They say it’s not possible to have your cake and eat it too. My friend, at the risk of sounding like a chirpy salesman, I’m telling you this is one case where conventional advice is dead wrong. I finally found the sweet spot where I can come home to a comfortable place that truly feels like home, minus the financial burden. I signed a two-year contract that protects the scope of my lease, and it’s a contract that would remain standing even if ownership were to transfer to another management company. Best of all, now that I’m in the Invitation Homes system, if I ever decide to leave this property, I can easily move into another Invitation Homes property without another round of financial approvals.
Here’s the unique angle to Invitation Homes: They maintain a standard I would personally use if this property were my own. Upon move in we were given a full walkthrough and orientation to the property and the Invitation Homes experience. We found some small maintenance and cosmetic issues, an before we knew it an army of people descended on the property to make things right. I wanted to make minor renovations to better accommodate my needs. I work from home, and now, especially during COVID, I can’t really go to the gym. They gave me permission to do a few things to make my place homier, and even put me in touch with contractors I could evaluate for the job. They did not insist I use their contractors, but I wound up using them anyway given how well they competed against other bids and lived up to the high standard Invitation Homes has set. With the exception of lawn care, I have also tapped into their network of service providers to tend to other general maintenance issues.
My Experience as a Blind Customer
Invitation Homes has invested time and effort in developing a fully accessible process that makes me feel like a valued customer. That should be a given and part of any good business practice, but as a blind consumer, they have also made me feel like an equal in all my interactions with the company.
I set out to apply with the company just like any other customer . As someone involved in the assistive technology industry, I wanted to test the system and see how far I could get in the application process before I had to call for customer service. I have my moments of cynicism, but much to my surprise, the electronic process was fully accessible as an applicant, and it continues to be accessible as a tenant.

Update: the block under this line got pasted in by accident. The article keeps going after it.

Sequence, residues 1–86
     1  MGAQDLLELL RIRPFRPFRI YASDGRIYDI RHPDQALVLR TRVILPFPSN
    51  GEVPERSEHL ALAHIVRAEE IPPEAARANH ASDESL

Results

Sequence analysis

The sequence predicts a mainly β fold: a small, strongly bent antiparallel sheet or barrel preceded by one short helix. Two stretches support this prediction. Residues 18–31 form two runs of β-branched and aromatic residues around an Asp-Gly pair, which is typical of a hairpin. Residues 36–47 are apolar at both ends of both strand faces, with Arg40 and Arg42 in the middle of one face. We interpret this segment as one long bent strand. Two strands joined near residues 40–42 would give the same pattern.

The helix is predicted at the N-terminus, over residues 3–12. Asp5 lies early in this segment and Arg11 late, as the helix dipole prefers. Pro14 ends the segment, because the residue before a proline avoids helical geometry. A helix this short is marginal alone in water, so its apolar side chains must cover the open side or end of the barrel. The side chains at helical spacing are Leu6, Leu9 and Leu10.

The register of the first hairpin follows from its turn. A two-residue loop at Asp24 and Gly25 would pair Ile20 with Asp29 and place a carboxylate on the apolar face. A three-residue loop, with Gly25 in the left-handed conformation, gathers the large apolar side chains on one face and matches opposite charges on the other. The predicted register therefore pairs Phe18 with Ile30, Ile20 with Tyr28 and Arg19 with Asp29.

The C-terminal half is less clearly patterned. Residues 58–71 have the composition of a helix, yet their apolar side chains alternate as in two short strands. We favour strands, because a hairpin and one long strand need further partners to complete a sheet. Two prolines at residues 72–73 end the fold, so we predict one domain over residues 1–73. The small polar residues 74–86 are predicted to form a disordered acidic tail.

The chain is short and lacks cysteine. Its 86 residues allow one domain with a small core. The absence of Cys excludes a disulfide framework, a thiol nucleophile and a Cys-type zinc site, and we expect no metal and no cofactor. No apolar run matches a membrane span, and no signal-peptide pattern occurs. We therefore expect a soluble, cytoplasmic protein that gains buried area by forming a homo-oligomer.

From our first interaction with Lixandra Silva, the customer service has been phenomenal. In fact, our first point of interaction occurred on a Sunday morning. Who would have thought the representative would bend over backward to help out a random guy on a Sunday morning? Lixandra worked with us to find a property with the amenities we wanted for our family. She set up a virtual tour of a property she thought would be a great fit. I was charged a holding fee, and shortly thereafter I was entering the security code to my new home, all without ever having to interact with anyone in person.
People like Angie Bonner, portfolio director; GALE love, Customer Service Representative; Javier Martinez, Resident Orientation Advisor; Carrie Cox, Assistant Portfolio Manager; Janet Boergers; Dave Hutchinson; and the hundreds of people on the Invitation Homes staff were our new family. Well, not really, but they certainly made it feel that way.
Was our home perfect from Day 1? People who bank on perfection are too apt to be disappointed. The team responsible for turning the property had missed a few things. Invitation Homes was almost excessively apologetic. And as I said before fixed the issues quickly.
Throughout all my dealings with Invitation Homes, their representatives have never been anything less than prompt and courteous. My blindness has never been a cause for delay. I shouldn’t have to emphasize the point, but too many blind tenants have shared horror stories where they have encountered condescending or demeaning staff who cannot comprehend how a blind person could do something as responsible as entering into a long-term real estate contract. I am grateful to Invitation Homes for just treating me with the same respect they would treat anyone else. Their service empowers me to focus on being a father, a husband, a happy family man who can turn his attention to other pressing priorities. I want to encourage other blind people to feel empowered to claim their piece of the American dream without the traditional hassles.
It’s incredible to me how such a large and complex operation can deliver customer service with such granularity. In Florida alone they own and manage thousands of homes and this is just one of sixteen markets throughout the United States.
It’s a sad fact of life that most people will only feel compelled to write a review of a company when their experience is negative. I don’t want to minimize anyone else’s story, but I do want to counterbalance any derogatory reviews with my own experience which has been absolutely unparalleled. Considering we’re in the middle of a pandemic, Invitation Homes deserves extra high praise for going well above and beyond anything I could have ever expected. It is without a doubt the best rental experience I have ever enjoyed in the over 35 years I have been living away from my parents.
I am a sucker for logistics, I marvel at the dynamic range of it all. Invitation Homes provides a home for thousands of families. Each family is its own island. Each family is a beautiful blend of celebrations, sorrows, achievements, and challenges. So many stories unfold every day behind the four walls of each of these homes. My family has now joined this expansive network of families. Life has a way of testing your resolve. 2008 was the start of a bad time in my life, but now, thanks to Invitation Homes, worrying about the best way to capture my piece of the American dream is no longer a lurking concern.
If this was the honeymoon phase, I feel confident the marriage will be incredible.
And there you have it. After reading that review, I’m a little bummed the company does not serve my area. I don’t mind my current apartment building, but I confess I do miss the freedom to blast my music and wander around my backyard at my leisure.
What about you? Have you bought a home? Any regrets? And if you’re still renting, have you decided this is the best option for you? Sound off in the comments!